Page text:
Fresh off his 10 minute ride into space on a phallic shaped spacecraft, Jeff Bezos has returned to earth with an idea. Or, rather, an offer. Jeff has an offer for NASA, which, in his words is a chance to correct their mistake of choosing Elon Musk's SpaceX over Bezos' Blue Origin for a moon landing project.
Jeff Bezos' space exploration company has offered to foot the bill of up to $2 billion for the first two years of a contract to manufacture a moon lander and put NASA astronauts on the moon again. The company's fixed-price option would protect NASA from any cost overages. Blue Origin is also offering to develop and launch a moon landing mission at its own expense.
Bezos' offer would make Blue Origin a less expensive option than the one NASA made with SpaceX. Elon Musk's space exploration company was awarded the Human Landing System contract by NASA in April 2021. The following month, Bezos' Blue Origin filed a protest with the Government Accountability Office against the $2.9 billion contract calling the contract "flawed" and accusing NASA of "moving the goalposts at the last minute." The SpaceX contract will remain suspended until the protest has been ruled on.
Bezos wrote an open letter to Bill Nelson, the Administrator of NASA in which the richest man in the world pitched his plan to keep the Human Landing System program competitive by having NASA choose two companies to build the spacecraft to take multiple astronauts to the moon instead of just one astronaut. "Instead of this single source approach, NASA should embrace its original strategy of competition," Bezos wrote. Later he added, "Without competition, a short time into the contract, NASA will find itself with limited options as it attempts to negotiate missed deadlines, design changes, and cost overruns."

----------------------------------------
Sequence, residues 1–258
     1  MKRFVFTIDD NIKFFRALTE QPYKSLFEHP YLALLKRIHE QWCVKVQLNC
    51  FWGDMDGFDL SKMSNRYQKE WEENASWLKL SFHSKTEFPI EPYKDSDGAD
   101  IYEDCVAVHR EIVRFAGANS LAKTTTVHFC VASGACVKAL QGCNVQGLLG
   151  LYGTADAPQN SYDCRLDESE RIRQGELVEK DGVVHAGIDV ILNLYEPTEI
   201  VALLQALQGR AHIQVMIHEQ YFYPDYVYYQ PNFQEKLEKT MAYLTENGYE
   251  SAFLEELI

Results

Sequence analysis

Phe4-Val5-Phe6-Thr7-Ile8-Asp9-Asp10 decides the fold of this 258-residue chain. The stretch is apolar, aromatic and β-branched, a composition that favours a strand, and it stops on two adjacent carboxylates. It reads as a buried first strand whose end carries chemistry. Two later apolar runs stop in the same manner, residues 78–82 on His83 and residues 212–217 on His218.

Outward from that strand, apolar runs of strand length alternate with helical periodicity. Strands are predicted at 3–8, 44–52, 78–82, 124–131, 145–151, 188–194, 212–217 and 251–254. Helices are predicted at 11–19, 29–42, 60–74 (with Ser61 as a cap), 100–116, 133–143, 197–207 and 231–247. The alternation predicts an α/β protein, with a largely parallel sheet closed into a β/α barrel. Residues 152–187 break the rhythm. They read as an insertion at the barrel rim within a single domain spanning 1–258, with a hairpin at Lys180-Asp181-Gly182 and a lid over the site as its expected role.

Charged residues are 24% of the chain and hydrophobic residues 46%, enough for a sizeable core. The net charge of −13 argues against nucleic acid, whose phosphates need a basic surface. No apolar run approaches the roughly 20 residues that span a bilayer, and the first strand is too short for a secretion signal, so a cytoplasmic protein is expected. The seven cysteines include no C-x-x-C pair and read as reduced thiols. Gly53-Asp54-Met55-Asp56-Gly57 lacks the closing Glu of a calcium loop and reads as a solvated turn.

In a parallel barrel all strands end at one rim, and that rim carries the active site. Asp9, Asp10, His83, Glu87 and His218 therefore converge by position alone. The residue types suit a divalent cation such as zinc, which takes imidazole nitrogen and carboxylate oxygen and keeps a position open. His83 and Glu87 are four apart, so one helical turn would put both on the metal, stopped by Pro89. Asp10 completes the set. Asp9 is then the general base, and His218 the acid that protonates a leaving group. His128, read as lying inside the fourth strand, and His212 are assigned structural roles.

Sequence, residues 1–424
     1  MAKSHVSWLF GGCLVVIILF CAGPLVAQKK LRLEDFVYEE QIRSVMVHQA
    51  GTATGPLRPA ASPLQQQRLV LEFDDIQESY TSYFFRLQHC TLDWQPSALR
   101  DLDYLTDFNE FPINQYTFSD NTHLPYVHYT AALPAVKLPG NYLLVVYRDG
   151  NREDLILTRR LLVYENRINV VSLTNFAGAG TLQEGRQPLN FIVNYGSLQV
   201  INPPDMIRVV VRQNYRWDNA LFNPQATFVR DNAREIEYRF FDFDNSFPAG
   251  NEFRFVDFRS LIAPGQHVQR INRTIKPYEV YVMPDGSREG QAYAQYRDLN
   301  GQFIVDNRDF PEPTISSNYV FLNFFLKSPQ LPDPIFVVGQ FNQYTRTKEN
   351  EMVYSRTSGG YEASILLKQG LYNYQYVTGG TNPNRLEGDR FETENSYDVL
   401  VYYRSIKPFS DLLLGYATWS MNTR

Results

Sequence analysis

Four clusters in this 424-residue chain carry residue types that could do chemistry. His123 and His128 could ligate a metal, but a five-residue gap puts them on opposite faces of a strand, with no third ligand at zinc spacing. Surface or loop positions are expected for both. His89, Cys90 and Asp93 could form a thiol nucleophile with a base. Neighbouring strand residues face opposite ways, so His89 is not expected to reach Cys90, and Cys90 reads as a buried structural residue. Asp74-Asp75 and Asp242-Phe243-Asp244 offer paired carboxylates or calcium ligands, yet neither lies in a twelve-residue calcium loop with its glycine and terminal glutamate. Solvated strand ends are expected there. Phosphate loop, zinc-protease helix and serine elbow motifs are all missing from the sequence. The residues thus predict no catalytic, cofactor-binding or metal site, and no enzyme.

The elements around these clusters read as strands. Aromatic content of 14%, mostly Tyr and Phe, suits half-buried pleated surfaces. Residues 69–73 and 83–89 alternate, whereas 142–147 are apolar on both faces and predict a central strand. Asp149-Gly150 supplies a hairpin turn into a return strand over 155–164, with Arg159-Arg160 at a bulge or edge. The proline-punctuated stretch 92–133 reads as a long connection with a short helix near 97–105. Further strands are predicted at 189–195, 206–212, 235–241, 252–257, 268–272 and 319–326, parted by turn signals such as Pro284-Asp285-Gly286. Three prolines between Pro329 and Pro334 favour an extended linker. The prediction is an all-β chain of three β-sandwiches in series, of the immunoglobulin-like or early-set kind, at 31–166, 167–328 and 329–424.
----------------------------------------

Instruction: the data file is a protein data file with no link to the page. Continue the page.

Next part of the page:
Bezos' open letter basically accused NASA of giving preferential treatment to SpaceX. "In April (prior to your confirmation as NASA administrator), only one HLS bidder, SpaceX, was offered the opportunity to revise their price and funding profile, leading to their selection. Blue Origin was not offered the same opportunity. That was a mistake, it was unusual, and it was a missed opportunity. But it is not too late to remedy. We stand ready to help NASA moderate its technical risks and solve its budgetary constraints and put the Artemis Program back on a more competitive, credible, and sustainable path."